C23 is shaping up: New keywords and fixed assert to land in updated standard

C23 is shaping up: New keywords and fixed assert to land in updated standard

Another virtual meeting of the C programming language working group has come and gone, and with at least another get-together before its draft ballot time, C23 is really taking shape.

Project editor JeanHeyd Meneide made good on his promise to keep developers updated on major changes and took to Twitter to share the latest enhancements for the upcoming version of the C standard. According to Meneide, recent discussions have led to typeof(...) becoming a standard, call_once turning mandatory, and including unreachable() for optimization purposes.

The update will also tackle memset, a function seen by some as the “most dangerous function in the C world”, by making ={} its official replacement. Other than that true, false, bool, and thread_local will turn into keywords with the release, so shouldn’t be used to name things like custom variables anymore, while @, $, and the back-tick symbol will become part of the source character set.

Starting with C23, the way declarations and definitions were described in the first edition of Kernighan and Ritchie’s The C Programming Language won’t be a thing anymore, turning ANSI declaration and definitions into the only option. The update will also sport a fix for assert, which allows the function to take (...) as input and therefore simplify things when passing it something that can be interpreted as multiple macro arguments.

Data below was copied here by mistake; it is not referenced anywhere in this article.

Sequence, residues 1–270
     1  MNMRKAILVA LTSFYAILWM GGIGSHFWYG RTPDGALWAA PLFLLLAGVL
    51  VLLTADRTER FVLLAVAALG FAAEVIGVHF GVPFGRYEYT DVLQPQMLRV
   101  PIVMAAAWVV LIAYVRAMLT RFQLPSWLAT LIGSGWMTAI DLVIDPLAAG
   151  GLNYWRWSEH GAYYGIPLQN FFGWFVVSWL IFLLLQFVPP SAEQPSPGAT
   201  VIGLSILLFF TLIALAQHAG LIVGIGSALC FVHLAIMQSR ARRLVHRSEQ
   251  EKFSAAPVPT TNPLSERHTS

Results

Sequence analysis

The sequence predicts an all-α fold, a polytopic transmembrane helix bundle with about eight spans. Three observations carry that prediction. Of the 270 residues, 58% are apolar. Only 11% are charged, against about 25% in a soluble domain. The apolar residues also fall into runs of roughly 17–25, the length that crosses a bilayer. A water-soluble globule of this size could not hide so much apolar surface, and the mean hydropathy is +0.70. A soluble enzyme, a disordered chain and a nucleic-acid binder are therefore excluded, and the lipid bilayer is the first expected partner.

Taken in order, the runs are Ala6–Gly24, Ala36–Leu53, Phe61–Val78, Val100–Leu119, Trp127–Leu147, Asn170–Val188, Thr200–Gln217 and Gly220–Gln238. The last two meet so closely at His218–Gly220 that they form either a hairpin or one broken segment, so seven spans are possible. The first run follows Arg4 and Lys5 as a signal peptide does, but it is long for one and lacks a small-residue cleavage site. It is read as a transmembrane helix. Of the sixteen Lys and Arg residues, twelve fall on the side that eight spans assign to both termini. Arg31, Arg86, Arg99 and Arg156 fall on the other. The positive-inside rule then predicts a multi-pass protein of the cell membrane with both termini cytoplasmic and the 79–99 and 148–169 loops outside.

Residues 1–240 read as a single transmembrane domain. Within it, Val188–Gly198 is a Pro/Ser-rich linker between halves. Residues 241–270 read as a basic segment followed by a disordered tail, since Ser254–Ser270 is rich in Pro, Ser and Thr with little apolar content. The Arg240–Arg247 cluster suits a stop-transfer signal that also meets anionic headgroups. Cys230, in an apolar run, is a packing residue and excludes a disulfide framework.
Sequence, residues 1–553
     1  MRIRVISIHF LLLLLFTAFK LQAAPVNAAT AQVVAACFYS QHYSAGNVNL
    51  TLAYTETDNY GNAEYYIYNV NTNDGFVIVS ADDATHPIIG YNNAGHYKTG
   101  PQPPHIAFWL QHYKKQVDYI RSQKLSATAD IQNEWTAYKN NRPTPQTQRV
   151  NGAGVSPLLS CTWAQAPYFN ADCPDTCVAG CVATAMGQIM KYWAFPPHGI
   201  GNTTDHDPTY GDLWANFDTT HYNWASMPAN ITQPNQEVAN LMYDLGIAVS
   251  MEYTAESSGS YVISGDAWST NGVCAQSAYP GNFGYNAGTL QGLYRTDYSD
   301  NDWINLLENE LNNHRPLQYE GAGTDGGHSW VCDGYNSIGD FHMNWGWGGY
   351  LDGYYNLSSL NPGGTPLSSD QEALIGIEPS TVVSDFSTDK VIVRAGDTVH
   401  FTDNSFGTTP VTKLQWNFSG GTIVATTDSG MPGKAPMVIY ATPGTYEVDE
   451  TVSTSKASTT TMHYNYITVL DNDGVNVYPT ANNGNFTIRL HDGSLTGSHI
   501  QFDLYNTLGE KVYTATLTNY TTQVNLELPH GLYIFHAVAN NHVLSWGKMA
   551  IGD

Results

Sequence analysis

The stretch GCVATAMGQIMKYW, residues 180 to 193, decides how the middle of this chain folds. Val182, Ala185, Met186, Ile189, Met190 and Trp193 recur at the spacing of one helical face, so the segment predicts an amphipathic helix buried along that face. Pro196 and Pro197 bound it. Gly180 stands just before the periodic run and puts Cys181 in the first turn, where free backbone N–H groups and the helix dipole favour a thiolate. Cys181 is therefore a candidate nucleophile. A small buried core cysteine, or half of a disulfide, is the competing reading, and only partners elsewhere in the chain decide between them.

The assert fix will also make its way into the next edition of the C++ standard. C++ developers will by the way find quite a few familiar bits making their way into C this time, such as the __has_include feature (C++17), or the newly decided-on _Noreturn attribute for informing the compiler that a function won’t return a value. The feature was first introduced into C++ with the 2011 update. 

In previous C23 meetings, ISO/IEC JTC1 SC22 WG14 already decided to add some more shorthand preprocessing directives, apostrophes as digit separators, and a fundamental type for N-bit integers to the next update of the programming language. Calls to get developers invested in the lambda proposals meanwhile don’t seem to have helped much, as the addition is said to not be considered for C23 anymore. 

Including lambdas at a later date might be still an option. The C standards body however depends to a certain degree on existing practice and therefore implementation work from compiler teams, so those interested in the feature really have to get involved in order to make it happen. 

An in-depth summary of the recently decided additions is promised to land soon. The final version of the C23 standard is planned to be released in 2023 (as the name suggests).